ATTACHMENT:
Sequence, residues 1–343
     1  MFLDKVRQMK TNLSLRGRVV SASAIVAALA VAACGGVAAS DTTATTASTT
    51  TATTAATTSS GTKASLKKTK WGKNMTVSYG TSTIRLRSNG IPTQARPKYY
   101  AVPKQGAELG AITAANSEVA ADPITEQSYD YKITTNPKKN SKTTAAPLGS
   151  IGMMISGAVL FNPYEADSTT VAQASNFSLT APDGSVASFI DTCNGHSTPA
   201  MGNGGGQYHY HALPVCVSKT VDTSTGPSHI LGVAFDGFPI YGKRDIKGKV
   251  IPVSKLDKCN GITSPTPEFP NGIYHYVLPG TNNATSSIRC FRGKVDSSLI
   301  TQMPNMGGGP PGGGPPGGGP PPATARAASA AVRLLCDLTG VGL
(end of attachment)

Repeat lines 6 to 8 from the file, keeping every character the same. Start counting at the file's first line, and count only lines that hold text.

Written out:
   201  MGNGGGQYHY HALPVCVSKT VDTSTGPSHI LGVAFDGFPI YGKRDIKGKV
   251  IPVSKLDKCN GITSPTPEFP NGIYHYVLPG TNNATSSIRC FRGKVDSSLI
   301  TQMPNMGGGP PGGGPPGGGP PPATARAASA AVRLLCDLTG VGL